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Mademoiselle Dio at the piano - Toulouse-Lautrec. Oil on cardboard, 63х48
Portraits of women playing musical instruments were not uncommon in the 19th century. Having written Mademoiselle Dio at the piano, Lautrec replenishes the long tradition of this theme, which was previously worked by such artists as Manet (1832–1883), Renoir (1841–1919), as well as Degas (1834–1917), who, like Lautrec was a friend of the Dio family.
Degas painted a portrait of Mademoiselle Dio twenty years ago. On the canvas of Lautrec we see in the upper right corner a portrait hanging on the wall. It is easy to guess that this is the same portrait of Degas. Depicting him on his canvas, Lautrec as if trying to catch up with a highly regarded artist. The influence of Degas is also noticeable in the unusual composition: the frame of the picture crosses the score brought to the fore. Thus, the viewer is invited to listen to the pianist’s play.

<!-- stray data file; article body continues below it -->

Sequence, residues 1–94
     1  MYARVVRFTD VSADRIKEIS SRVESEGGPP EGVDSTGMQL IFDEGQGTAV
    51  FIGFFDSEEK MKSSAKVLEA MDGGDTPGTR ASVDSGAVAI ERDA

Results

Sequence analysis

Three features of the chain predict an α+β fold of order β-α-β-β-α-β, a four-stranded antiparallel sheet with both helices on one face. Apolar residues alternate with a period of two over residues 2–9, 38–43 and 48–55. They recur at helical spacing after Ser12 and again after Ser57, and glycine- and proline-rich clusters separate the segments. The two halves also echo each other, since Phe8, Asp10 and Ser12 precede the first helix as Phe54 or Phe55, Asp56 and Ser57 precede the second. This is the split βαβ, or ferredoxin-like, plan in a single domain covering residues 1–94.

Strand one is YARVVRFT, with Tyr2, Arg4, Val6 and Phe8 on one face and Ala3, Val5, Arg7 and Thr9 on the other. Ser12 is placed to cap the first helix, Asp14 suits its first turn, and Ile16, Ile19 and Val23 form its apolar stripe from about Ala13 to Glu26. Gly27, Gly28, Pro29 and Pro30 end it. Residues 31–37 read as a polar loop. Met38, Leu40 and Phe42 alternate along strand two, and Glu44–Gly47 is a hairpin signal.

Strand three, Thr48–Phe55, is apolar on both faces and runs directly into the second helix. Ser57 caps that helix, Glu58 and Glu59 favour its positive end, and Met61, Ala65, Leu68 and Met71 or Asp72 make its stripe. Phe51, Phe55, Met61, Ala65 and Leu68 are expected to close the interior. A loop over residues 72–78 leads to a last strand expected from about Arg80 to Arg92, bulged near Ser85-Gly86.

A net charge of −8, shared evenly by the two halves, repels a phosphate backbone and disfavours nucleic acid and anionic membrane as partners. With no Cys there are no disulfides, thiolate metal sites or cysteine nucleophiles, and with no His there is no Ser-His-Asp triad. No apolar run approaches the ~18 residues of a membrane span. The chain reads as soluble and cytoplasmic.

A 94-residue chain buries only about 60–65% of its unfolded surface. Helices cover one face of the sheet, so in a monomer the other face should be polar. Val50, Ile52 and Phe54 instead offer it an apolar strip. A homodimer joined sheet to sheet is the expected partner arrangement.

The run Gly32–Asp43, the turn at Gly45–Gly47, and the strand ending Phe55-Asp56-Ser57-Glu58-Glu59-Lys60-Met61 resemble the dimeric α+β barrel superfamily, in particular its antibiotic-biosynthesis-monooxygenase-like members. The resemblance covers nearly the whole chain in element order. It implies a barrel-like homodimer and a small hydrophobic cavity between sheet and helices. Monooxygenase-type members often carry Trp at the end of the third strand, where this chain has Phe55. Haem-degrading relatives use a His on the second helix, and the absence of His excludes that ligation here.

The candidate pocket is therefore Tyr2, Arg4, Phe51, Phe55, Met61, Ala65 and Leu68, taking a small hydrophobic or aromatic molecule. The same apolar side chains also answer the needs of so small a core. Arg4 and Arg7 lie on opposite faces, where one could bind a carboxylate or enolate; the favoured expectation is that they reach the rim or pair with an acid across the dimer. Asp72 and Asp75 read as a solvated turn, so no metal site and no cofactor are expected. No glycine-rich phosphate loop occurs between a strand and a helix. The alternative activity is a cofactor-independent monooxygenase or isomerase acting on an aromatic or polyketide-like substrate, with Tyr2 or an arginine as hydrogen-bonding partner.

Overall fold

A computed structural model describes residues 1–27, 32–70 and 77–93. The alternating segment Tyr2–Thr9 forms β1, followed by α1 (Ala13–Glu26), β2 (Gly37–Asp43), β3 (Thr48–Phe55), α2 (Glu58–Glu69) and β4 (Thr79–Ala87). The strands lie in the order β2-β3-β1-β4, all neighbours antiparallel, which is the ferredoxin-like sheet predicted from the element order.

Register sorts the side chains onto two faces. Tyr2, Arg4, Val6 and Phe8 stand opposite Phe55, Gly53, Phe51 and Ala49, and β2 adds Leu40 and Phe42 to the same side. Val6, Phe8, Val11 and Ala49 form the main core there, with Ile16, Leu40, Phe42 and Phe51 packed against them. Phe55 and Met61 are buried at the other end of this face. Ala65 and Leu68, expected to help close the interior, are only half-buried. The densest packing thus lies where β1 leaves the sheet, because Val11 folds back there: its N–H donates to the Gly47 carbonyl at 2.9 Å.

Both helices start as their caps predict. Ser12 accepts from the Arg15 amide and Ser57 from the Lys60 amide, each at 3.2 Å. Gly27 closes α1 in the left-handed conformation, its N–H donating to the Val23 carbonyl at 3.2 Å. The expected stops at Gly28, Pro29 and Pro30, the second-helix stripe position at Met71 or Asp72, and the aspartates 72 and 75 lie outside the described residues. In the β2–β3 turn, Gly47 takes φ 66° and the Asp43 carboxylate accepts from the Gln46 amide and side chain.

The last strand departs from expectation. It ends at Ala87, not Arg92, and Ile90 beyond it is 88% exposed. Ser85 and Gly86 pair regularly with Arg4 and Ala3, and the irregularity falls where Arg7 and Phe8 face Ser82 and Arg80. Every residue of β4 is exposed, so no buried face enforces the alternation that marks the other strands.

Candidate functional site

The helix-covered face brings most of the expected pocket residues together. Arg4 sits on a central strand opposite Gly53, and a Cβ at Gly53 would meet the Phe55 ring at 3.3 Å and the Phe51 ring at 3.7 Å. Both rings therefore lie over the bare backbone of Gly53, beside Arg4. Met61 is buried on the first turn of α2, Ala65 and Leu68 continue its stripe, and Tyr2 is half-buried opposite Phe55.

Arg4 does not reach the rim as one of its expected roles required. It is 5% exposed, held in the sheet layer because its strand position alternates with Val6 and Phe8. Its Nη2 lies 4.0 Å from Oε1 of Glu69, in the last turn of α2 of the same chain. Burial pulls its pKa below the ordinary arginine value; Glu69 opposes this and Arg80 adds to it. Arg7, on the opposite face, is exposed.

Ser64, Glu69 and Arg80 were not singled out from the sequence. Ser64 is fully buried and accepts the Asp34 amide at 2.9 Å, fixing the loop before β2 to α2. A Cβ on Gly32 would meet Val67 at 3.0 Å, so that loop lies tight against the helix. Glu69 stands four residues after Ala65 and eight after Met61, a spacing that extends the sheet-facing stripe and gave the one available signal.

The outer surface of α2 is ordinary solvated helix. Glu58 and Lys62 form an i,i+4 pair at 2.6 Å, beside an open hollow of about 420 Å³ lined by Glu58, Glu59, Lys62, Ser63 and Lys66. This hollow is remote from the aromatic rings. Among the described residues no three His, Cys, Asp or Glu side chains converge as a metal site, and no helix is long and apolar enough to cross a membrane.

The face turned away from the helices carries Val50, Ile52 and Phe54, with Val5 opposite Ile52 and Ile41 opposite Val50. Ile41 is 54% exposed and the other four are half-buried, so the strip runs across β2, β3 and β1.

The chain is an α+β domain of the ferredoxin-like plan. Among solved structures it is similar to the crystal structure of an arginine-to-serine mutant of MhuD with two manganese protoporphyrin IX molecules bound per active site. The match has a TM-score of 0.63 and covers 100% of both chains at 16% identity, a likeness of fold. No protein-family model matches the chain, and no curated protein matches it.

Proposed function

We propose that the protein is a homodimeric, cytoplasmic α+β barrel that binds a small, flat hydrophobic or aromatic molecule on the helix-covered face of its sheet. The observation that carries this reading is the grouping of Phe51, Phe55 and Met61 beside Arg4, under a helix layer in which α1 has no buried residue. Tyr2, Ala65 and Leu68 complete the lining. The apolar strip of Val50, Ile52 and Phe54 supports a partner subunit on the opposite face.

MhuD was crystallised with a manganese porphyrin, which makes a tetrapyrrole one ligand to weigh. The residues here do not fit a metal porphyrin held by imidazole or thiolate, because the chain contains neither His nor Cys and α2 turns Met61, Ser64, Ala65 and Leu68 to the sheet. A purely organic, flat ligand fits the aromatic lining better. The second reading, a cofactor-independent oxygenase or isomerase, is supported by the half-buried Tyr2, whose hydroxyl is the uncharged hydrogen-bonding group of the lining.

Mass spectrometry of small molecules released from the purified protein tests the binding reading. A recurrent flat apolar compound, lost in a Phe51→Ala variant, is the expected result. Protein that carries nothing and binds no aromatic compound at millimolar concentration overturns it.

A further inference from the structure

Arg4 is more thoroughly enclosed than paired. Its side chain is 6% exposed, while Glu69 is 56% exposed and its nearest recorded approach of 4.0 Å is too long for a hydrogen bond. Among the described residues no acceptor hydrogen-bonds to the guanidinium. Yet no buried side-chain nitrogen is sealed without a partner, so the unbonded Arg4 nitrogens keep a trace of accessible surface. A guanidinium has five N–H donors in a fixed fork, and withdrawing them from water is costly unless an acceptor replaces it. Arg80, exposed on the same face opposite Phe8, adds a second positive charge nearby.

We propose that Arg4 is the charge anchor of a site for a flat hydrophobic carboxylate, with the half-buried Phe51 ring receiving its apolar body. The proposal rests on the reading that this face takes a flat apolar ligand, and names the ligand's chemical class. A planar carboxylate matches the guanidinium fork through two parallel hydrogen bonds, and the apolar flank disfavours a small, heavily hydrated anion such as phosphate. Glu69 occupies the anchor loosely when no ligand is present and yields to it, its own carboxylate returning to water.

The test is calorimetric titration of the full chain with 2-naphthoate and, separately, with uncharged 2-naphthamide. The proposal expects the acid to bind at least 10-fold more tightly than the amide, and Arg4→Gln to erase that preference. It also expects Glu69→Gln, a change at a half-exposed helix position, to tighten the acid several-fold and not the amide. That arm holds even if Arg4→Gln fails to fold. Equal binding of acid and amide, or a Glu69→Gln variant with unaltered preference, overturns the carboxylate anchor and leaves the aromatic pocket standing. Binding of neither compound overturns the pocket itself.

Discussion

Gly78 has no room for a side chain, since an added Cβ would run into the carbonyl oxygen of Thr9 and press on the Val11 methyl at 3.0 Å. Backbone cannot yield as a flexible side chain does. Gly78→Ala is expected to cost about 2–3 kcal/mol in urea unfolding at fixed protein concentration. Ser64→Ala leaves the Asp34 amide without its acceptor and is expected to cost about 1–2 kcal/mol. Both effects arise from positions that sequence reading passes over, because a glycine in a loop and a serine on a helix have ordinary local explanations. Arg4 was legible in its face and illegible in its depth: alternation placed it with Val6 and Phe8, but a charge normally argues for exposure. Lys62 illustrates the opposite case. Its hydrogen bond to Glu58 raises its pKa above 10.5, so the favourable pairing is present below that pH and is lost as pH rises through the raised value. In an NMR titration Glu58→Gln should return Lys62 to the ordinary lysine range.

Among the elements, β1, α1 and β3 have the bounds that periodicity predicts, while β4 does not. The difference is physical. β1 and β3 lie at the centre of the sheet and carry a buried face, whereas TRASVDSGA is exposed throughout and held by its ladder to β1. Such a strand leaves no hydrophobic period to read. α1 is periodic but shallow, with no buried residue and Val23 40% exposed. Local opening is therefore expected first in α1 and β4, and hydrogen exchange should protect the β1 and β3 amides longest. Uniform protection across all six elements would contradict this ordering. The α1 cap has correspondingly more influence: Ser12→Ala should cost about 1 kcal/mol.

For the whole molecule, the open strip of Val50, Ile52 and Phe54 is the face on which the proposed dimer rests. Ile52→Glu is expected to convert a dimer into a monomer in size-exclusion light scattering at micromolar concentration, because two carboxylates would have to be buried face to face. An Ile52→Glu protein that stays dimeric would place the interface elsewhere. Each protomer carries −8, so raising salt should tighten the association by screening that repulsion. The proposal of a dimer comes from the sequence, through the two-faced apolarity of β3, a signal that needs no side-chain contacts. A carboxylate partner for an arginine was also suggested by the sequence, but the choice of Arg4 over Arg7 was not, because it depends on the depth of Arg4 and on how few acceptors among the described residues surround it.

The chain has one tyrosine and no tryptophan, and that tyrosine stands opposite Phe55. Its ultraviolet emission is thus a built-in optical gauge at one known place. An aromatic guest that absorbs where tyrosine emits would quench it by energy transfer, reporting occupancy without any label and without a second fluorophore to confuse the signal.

Mademoiselle Dio is depicted with emphasized composure and rigor - her eyes are fixed on the score, her hands are lowered on the keys, it seems she is completely engulfed in music. Blue glare is scattered across her dark dress, sharp brown strokes emphasize the warmth of her hair, and the piano keys and score are flooded with a greenish light.
Short, jerky strokes show that during this period (1888-1890) Lautrec was close to the neo-Impressionists and Van Gogh (this painting delighted Vincent, he wrote to Theo’s brother: Lautrec’s painting, a portrait of the pianist, really affects. I looked at admiration).